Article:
Uveal melanoma that has spread to distant organs is sometimes treated with medications that affect the whole body. If the liver is affected, doctors may recommend treatment approaches that target the cancer cells growing in the liver, called liver directed or loco-regional therapy.
- Tebentafusp-tebn (Kimmtrak) is the first and only medication approved by the US FDA to treat people with HLA-A*02:01-positive uveal melanoma that has spread to distant organs or that cannot be treated with surgery (unresectable uveal melanoma). Tebentafusp (often referred to as “tebe”) is a type of medication that targets the immune system, called an immunotherapy. It engages a certain type of immune cells, called T cells, to target and kill uveal melanoma cells that present a protein called gp100 at their surface. Tebentafusp was approved in 2022 based on the results of a Phase 3 clinical trial that was done in 378 people with unresectable or metastatic uveal melanoma. In that trial, overall survival was longer in patients who received tebentafusp compared with a control group of patients who received other medications (pembrolizumab, ipilimumab, or dacarbazine). At one year, overall survival was 73% in the tebentafusp group versus 59% in the control group.
- There are no other approved medications to treat uveal melanoma that has spread to distant organs. Some medications, including chemotherapy drugs and drugs that target the immune systems (immunotherapies) have been used in small groups of patients but have not shown clear benefits in improving survival.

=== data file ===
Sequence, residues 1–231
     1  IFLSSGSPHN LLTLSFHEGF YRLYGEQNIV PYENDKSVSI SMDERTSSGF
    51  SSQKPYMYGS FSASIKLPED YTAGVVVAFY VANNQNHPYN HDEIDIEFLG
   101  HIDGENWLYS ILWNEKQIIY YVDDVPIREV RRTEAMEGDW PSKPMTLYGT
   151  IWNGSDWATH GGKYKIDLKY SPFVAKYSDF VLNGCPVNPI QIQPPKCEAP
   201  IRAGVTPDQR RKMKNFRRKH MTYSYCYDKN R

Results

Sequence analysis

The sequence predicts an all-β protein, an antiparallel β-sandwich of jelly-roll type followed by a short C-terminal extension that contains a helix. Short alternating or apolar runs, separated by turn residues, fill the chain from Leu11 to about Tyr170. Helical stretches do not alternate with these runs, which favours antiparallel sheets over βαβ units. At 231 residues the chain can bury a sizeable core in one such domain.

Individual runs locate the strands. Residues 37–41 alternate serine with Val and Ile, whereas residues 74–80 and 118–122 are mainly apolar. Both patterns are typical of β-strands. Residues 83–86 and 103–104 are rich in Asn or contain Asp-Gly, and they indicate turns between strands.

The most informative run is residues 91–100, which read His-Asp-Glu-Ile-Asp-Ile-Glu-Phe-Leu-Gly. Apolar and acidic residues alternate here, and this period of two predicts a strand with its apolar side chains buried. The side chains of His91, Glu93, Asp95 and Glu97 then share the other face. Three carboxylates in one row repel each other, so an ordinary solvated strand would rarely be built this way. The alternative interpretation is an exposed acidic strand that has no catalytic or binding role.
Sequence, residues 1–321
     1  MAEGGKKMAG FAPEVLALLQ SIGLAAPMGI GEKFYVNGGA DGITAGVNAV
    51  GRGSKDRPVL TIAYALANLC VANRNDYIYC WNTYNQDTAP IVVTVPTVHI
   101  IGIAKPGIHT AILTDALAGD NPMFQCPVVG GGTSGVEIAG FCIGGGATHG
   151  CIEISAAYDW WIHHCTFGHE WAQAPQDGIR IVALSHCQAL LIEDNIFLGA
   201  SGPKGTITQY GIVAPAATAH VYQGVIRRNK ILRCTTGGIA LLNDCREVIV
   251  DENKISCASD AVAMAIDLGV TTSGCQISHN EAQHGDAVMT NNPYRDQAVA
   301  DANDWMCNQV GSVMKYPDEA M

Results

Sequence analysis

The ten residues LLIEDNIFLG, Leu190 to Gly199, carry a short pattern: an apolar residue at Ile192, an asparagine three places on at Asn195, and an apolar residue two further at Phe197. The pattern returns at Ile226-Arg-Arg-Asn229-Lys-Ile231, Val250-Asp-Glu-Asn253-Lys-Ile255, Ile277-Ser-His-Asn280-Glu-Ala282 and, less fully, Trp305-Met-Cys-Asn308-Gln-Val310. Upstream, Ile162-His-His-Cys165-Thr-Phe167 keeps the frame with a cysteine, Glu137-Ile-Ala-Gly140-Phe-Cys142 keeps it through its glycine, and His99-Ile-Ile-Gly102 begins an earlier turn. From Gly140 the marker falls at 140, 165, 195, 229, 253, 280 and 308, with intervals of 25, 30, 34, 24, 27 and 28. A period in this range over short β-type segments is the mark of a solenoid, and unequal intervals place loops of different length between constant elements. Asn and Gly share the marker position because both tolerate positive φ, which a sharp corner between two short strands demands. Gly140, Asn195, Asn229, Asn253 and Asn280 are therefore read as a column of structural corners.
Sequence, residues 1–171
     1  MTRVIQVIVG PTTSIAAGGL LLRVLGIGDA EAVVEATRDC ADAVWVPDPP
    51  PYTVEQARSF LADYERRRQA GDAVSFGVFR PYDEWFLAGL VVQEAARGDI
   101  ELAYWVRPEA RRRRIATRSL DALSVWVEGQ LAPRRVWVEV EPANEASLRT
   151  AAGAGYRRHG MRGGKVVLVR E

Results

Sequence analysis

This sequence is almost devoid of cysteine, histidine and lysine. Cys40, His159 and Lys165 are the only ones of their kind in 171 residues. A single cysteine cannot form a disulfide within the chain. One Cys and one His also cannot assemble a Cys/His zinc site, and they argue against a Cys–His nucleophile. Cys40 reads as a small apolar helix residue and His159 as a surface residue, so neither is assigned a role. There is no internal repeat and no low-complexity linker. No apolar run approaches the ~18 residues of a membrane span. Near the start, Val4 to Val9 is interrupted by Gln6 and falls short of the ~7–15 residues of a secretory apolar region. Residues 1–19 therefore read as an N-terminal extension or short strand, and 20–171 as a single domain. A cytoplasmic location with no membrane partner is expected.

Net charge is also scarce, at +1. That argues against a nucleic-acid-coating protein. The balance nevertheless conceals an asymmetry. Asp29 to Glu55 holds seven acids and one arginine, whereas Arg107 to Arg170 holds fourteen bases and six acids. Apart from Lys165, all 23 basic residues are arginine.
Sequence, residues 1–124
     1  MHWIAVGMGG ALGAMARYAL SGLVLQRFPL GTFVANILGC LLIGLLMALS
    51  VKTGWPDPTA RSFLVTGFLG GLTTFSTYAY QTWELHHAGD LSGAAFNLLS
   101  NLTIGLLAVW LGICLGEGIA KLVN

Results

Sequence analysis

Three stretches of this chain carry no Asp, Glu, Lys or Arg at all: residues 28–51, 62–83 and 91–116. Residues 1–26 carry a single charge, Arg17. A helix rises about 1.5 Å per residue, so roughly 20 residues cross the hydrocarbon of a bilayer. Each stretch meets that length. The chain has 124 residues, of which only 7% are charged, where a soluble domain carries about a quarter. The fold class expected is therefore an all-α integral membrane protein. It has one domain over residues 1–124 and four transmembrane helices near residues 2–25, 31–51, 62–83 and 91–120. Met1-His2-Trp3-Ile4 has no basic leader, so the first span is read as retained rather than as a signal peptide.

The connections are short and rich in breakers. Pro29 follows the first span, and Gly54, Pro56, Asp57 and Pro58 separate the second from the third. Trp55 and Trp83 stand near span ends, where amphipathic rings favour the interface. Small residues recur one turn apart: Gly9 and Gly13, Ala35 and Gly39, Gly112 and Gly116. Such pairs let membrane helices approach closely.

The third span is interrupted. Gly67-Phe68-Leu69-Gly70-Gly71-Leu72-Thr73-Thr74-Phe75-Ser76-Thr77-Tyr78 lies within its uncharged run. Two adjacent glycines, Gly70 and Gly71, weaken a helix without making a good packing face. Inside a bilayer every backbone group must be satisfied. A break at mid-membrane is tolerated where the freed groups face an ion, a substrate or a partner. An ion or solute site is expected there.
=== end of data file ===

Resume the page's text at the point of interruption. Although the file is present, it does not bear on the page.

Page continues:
- Clinical trials may be the best option for some people with uveal melanoma that has spread to distant parts of the body. If you are diagnosed with metastatic uveal melanoma, it is important to discuss the possible treatment options with your healthcare team, including what clinical trials may be open to you.
- Different types of liver-directed therapies may be used to limit cancer growth and alleviate symptoms caused by the melanoma growing in the liver. Approaches may include injecting medicines or other substances into the liver (embolization), regional isolation-perfusion of the liver, procedures that use heat (thermal ablation) or freezing (cryotherapy) temperature to destroy the cancer cells (called ablation), surgical removal of the liver mass, or radiation of the cancer cells in the liver.
What is the best treatment for uveal melanoma?
While a number of treatment options are available (as described above), there is no ‘one-size-fits-all’ best treatment for uveal melanoma. Each treatment approach comes with its own set of risks and benefits. Doctors may recommend different treatment approaches for their individual patients depending on factors, including where the melanoma is located within the uveal tract, the stage, possible side effects, and the individual patient’s preference and overall health.